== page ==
Category Archives: technology

Folk Taxonomy: A Portfolio

I’ve created a minimalist portfolio of my design work to keep those projects distinct from the more varied and editorial content that appears on this site. I call it “Folk Taxonomy”, which is any sort of vernacular naming system (see Wikipedia). Some items I’m particularly excited to share are:


Leukemia & Lymphoma Society

I was recently moved to give a donation to the Leukemia & Lymphoma Society.

“Leukemia is a type of cancer that affects the blood and bone marrow, the spongy center of bones where our blood cells are formed. The disease develops when blood cells produced in the bone marrow grow out of control. About 3,500 children are diagnosed each year.”

I hope you’ll join me.

Waiting for Superman Dribbble Contest

Waiting for Superman Poster

Want a dribbble invite? Earn it by making the most impressive Waiting for Superman poster and link to it in the comments. Contest will close at 12pm EDT on Friday October 22, 2010.

Waiting for Superman is a wake-up call. The public school system in the United States is failing this country’s children. There are no miracle cures, no quick fixes, no silver bullet solutions. The problem requires attention, involvement and hard work. At every turn, the focus must remain on providing every child with an education, even and especially at the cost of adult comfort and satisfaction. Children must come first, not only in rhetoric but in action.

Please be sure to submit your name and email when commenting so that I can contact the winner.

Fundraising with Kickstarter

While designing the Hartford Metro Map, I guessed it would be popular enough with local folks to merit a run of about 100 prints. I’d seen Kickstarter and was attracted by a few dimensions of its model:

  • It removes the risk from the project.
  • It handles the credit card transactions.
  • It offers tools for organization and promotion.

Any artist/designer can appreciate the uncertainty in releasing a finished work for public approval. There’s always the possibility that no one else will be as excited about it as you are, making for an expensive flop if the printing is done beforehand. Particularly at my current level of skill and notoriety (little & none), this was a concern. Kickstarter alleviated that concern.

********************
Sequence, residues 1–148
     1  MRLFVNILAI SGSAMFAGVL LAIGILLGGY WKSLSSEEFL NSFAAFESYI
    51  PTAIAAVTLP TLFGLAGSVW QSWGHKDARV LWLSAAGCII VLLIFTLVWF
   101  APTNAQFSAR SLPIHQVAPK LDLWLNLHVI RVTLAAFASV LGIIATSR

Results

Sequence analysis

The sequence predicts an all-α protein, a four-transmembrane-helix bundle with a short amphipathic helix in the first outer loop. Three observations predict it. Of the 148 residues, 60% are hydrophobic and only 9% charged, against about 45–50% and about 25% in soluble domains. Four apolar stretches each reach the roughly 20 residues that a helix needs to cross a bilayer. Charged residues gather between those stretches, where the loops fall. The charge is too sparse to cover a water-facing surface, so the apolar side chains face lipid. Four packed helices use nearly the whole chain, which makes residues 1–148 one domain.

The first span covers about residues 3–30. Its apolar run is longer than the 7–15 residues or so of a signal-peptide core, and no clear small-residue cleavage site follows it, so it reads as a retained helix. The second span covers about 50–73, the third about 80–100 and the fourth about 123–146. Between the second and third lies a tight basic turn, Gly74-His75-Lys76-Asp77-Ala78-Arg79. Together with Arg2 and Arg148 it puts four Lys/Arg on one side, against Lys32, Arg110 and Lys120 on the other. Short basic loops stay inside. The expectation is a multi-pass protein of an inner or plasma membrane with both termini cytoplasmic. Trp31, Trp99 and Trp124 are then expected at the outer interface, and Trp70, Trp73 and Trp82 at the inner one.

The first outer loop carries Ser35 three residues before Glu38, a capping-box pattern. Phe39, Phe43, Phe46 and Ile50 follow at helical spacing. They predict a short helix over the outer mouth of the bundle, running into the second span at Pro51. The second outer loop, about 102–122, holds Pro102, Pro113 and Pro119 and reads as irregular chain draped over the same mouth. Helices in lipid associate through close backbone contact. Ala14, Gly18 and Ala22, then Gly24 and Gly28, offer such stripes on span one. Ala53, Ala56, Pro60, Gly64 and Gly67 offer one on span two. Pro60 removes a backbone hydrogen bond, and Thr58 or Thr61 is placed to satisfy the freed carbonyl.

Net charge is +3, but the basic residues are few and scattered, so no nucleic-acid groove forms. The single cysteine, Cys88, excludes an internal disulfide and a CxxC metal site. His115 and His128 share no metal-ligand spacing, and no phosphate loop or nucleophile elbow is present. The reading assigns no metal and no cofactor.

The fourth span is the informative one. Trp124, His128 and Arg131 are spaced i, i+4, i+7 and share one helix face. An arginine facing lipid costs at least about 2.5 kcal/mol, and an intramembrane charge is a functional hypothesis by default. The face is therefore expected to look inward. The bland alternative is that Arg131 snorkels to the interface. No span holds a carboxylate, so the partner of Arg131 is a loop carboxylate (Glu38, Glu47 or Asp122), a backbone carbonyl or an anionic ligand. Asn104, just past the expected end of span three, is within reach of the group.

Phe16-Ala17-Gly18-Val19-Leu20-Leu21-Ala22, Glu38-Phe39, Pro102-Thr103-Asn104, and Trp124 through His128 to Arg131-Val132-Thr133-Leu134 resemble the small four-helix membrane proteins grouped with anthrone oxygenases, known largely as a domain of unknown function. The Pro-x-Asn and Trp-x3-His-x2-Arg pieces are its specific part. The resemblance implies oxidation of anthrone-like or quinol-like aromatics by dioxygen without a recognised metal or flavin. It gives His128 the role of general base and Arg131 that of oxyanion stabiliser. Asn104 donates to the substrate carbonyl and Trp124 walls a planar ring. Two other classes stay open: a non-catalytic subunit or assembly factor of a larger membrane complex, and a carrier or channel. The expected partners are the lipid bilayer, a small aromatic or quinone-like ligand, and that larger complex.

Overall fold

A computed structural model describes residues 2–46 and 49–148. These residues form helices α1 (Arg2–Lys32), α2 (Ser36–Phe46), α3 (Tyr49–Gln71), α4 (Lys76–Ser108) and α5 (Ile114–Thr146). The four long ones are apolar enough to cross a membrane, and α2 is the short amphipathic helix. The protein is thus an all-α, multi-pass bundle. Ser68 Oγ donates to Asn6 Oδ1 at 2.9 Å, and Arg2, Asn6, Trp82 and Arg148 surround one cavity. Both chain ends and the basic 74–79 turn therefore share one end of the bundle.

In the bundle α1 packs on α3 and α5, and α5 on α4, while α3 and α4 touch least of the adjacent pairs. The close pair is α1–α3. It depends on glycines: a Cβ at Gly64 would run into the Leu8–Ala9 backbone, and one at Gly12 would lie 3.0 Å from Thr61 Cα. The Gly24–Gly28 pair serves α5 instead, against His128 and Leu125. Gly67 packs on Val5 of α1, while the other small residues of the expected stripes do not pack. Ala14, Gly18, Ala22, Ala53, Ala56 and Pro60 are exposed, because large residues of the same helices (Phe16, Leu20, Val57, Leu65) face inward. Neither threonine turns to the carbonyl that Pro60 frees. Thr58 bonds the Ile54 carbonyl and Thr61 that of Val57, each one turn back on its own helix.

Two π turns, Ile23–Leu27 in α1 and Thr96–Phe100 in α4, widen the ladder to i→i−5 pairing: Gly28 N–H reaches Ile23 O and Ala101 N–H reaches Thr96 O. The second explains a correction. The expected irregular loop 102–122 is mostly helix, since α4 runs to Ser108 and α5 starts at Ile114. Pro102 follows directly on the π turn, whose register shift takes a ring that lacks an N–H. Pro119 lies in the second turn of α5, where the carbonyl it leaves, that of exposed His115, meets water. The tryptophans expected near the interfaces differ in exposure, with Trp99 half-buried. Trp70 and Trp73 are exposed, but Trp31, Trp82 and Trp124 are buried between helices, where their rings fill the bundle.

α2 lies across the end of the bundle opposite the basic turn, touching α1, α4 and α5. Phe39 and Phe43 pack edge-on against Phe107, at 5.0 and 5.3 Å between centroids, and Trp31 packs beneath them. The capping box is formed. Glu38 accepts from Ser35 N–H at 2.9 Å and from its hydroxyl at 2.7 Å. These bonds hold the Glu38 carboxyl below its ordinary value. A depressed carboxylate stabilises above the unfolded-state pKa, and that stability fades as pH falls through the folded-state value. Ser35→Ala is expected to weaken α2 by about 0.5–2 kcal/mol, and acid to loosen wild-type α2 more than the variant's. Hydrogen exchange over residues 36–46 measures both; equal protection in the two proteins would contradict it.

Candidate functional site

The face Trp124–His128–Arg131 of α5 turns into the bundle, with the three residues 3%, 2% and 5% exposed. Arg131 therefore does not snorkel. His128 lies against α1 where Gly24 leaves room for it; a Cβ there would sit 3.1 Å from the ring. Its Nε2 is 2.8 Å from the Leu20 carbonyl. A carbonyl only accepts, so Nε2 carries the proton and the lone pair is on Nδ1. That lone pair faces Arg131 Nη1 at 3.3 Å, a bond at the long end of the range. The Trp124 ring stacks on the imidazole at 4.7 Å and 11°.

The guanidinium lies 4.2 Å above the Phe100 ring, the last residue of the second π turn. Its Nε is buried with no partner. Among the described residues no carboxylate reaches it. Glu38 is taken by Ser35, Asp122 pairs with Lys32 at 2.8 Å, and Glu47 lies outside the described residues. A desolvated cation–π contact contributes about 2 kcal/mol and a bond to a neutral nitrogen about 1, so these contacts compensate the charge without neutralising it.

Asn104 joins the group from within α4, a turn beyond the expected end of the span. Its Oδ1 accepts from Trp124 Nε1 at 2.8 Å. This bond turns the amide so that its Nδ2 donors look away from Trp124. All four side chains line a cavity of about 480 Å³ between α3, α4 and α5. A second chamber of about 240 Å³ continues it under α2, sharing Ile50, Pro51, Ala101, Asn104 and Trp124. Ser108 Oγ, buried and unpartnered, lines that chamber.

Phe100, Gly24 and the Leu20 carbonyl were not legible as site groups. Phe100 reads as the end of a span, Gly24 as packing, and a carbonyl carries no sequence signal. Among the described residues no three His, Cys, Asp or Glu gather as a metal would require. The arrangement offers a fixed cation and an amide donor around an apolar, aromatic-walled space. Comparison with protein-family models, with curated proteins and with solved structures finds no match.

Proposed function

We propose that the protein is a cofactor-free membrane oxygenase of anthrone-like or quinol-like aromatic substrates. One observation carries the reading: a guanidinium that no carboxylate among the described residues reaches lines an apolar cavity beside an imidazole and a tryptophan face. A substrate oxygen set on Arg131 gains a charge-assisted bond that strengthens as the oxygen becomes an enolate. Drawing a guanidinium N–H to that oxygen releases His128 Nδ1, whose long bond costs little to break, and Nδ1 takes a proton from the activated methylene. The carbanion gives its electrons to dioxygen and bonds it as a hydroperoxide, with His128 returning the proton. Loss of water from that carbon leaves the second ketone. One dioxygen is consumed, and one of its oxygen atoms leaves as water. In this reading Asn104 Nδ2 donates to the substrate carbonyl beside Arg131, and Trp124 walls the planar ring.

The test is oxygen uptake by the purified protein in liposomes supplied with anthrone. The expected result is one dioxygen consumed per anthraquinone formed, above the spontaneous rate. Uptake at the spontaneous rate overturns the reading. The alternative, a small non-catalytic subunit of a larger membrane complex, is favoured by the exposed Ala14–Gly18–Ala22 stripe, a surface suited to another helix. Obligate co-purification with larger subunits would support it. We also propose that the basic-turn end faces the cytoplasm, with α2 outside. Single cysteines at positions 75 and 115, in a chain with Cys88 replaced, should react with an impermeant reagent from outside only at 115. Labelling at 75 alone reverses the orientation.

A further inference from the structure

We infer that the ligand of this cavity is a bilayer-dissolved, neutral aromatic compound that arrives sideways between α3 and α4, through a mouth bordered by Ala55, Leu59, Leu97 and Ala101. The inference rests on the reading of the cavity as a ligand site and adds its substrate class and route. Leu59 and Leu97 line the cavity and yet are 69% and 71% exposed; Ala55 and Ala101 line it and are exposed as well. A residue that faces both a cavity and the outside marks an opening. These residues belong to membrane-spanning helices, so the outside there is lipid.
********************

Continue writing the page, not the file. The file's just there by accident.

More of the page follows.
Asking for money is also tough. To get around that, Kickstarter’s system again made that a non-issue. From the perspective of the backers, they are also protected in that no money changes hands if the project fails to get funded.

Lastly, online media provide amazingly easy and cost-effective channels to promote projects to large networks. Twitter, Facebook and blogs have enormous reach, and each medium makes it simple for others to share a meme with their own networks. It’s that snowball effect that proved so powerful and essential in the success of the Hartford Metro Map.

In addition to the product being compelling and my great fortune in having several influential & enthusiastic friends, I trace the success of the project back to a few of its specific qualities and decisions made during its creation. First, giving proceeds to charity made backing the project attractive regardless of its deliverables. Second, it was rooted in the vibrant Hartford community so that it appealed to local pride and sense of place. Third, there was a focus on affordability, so that backers could easily justify a small outlay to support the project. And finally, the addition of the American Apparel T spurred a whole round of increased pledges, resulting in the project being funded after just 17 days. People love t-shirts.

In hindsight, I should have had more faith in the project getting funded. Specifically, the time frame for funding should have been much shorter in order to maintain urgency and get the finished product into the hands of backers as soon as possible. For the Hartford Metro Map, I think I good window would have been four weeks. The price points turned out to be pretty good, despite my initial worries that they were too expensive. After an initial wave of support for the map, adding the t-shirt rewards later helped keep up interest in the project and attract new followers. Whether it would have been better to start with several rewards in place, I can’t say, but I think having legitimate news to share was a plus.